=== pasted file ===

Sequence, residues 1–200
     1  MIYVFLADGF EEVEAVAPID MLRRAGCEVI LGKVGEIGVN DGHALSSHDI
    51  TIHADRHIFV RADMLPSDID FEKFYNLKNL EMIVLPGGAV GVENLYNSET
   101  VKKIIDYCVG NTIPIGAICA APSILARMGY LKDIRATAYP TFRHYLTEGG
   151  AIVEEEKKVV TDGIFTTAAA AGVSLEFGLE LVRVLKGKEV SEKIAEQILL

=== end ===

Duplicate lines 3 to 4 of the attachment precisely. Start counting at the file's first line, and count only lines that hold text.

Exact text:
    51  TIHADRHIFV RADMLPSDID FEKFYNLKNL EMIVLPGGAV GVENLYNSET
   101  VKKIIDYCVG NTIPIGAICA APSILARMGY LKDIRATAYP TFRHYLTEGG